Turkish  foreign policy in 2023:  Some gains, many losses

Türkiye’s foreign policy faced significant challenges in 2023 amid regional conflicts, but it experienced both gains and setbacks in pursuing a balancing act in dealing with its Western allies and Russia, writes Burak Ekinci for Xinhua news.  Yet, taking account of the ledger, losses seem to outweigh gains.



With economic woes at home due to high inflation, sharp depreciation of the currency and rising borrowing costs, Türkiye tried hard to make gains on the diplomatic front in 2023.


The gains:  A permanent alliance with Russia, re-engagement with  Sunni Arab nations

Ankara looked beyond its traditional NATO allies toward other global powers, notably Russia, by strengthening its cooperation with Moscow.


Moreover, since early 2023, Türkiye has also sought to normalize its relations with the West as well as its neighbors, including Saudi Arabia, the United Arab Emirates, Egypt and Israel.


Instead of joining the West in sanctioning Moscow after the Ukraine crisis, Turkish President Recep Tayyip Erdogan continued mediating between Russia and Ukraine.


Failed grain deal big loss, Sweden continues to haunt relations with West


Ankara sought to revive a grain deal between Russia and Ukraine that allowed for the safe export of grain, fertilizers and other food supplies, despite no apparent progress has been made until now.


Türkiye’s NATO allies, particularly the United States, criticized this approach, which in turn heightened tensions between Washington and Ankara that have been building in recent years.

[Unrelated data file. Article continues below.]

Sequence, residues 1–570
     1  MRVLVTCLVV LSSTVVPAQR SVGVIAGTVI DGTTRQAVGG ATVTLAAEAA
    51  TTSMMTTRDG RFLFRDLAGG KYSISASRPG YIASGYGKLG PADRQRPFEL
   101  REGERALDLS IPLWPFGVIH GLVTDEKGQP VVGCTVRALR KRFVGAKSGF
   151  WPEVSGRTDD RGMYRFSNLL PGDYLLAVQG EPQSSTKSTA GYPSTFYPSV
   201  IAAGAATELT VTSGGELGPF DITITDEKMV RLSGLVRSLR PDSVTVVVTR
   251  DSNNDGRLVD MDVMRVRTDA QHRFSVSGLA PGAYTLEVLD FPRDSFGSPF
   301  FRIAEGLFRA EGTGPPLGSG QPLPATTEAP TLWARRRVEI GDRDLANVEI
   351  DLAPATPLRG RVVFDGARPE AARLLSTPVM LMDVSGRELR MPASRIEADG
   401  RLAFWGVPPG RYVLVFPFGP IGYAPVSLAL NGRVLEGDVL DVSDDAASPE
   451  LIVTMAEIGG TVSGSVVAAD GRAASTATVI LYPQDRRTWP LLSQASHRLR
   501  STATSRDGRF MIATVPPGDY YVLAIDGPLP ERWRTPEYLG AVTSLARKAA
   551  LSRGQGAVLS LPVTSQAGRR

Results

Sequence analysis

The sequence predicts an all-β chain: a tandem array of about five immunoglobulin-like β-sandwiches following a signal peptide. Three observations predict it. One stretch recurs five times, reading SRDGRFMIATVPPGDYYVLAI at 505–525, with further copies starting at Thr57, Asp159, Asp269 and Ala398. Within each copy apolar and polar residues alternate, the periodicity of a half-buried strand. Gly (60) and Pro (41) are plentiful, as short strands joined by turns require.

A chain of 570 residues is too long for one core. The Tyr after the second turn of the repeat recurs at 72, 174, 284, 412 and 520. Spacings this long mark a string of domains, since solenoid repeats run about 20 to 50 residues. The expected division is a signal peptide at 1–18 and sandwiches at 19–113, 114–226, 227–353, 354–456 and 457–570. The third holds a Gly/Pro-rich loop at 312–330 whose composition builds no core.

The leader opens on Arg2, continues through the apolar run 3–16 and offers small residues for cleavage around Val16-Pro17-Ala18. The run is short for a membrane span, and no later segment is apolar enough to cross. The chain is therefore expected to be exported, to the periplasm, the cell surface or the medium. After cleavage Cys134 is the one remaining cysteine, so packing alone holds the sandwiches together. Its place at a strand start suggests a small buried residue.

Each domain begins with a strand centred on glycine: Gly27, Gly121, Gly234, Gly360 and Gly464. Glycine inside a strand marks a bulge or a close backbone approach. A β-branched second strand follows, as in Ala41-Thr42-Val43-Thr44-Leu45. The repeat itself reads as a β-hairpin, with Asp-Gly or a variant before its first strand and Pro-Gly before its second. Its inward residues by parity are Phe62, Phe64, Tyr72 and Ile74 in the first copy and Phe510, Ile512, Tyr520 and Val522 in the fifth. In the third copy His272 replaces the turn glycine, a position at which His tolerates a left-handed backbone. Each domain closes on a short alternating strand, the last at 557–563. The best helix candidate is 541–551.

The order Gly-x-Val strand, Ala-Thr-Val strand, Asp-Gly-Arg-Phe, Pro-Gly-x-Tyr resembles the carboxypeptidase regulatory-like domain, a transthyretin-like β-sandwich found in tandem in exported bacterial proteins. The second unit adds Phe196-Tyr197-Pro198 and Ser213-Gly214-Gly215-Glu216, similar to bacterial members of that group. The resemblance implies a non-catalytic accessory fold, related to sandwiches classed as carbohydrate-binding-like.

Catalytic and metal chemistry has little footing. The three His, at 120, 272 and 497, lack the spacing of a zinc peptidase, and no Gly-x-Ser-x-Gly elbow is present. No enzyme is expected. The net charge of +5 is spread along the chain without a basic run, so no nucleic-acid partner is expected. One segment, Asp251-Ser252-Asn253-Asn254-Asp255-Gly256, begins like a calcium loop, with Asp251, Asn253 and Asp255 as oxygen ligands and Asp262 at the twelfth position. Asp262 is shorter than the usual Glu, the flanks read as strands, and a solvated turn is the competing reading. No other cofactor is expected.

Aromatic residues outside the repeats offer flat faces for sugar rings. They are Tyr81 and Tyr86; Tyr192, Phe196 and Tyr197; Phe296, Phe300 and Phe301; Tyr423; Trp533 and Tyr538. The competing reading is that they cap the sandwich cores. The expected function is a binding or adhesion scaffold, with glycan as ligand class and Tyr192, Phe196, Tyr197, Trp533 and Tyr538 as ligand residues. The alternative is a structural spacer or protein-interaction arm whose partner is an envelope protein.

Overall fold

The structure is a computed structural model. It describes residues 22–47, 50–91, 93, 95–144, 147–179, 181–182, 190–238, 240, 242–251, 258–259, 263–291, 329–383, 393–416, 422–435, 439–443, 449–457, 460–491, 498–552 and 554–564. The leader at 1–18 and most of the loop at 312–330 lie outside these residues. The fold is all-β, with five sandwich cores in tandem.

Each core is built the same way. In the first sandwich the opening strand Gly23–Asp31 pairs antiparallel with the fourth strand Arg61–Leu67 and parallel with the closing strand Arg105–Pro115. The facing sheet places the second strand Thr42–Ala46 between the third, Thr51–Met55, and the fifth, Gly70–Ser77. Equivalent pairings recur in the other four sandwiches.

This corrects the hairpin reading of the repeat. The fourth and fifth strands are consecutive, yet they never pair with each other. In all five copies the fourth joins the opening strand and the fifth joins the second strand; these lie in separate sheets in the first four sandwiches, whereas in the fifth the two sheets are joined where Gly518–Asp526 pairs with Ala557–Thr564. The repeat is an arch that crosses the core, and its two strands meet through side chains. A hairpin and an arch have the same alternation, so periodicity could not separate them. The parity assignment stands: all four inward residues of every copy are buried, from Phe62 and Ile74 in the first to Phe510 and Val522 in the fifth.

The two countries are also at odds over their Syria policy, which is a source of sporadic tensions. On Oct. 4, a U.S. aircraft downed a Turkish drone in northern Syria after it came within 500 meters of a U.S. military facility in a region controlled by Syrian Democratic Forces (SDF).


Gaza War ended a promising thaw with Israel


Since early this year, Ankara has sought to normalize its relations with regional heavyweights, including Saudi Arabia, the United Arab Emirates, Egypt and Israel.


Alas, financial aid from Gulf countries is yet to enter the books of Treasury or the Central Bank, while FDI from these sources is trickling in, albeit all very low numbers unlikely to change the economic landscape.

But Türkiye experienced some setbacks in its diplomatic offensive in the region


Ankara’s newly restored ties with Israel returned to tensions in October after Israel retaliated against a surprise attack launched by Hamas militants in the Gaza Strip by launching massive airstrikes, bombings and a ground offensive in Gaza, killing more than 20,000 Palestinians.


After recalling the Turkish ambassador to Israel to protest the latter’s brutal assault on Gaza, Erdogan even accused Israeli Prime Minister Benjamin Netanyahu of “committing war crimes” in Gaza and putting the entire region in danger for its own political survival.


The renewed tensions end any hopes of a Israel-Turkey undersea natural gas pipeline which would have benefited the external accounts of both countries.


On the other front, Türkiye’s normalization with Syria remained a thorny issue despite Russia’s mediation efforts.


No progress in Syria

The return of over 3 million Syrian refugees was a focal point of the campaigns of presidential and parliamentary elections for all parties amid a strong anti-refugee sentiment among the Turkish population.


Any progress there depends on reconciliation with Syria, which has conditioned mending its ties with Türkiye on Ankara’s withdrawal of troops from northern Syria, where the Turkish army has launched several offensives against Kurdish fighters since 2018.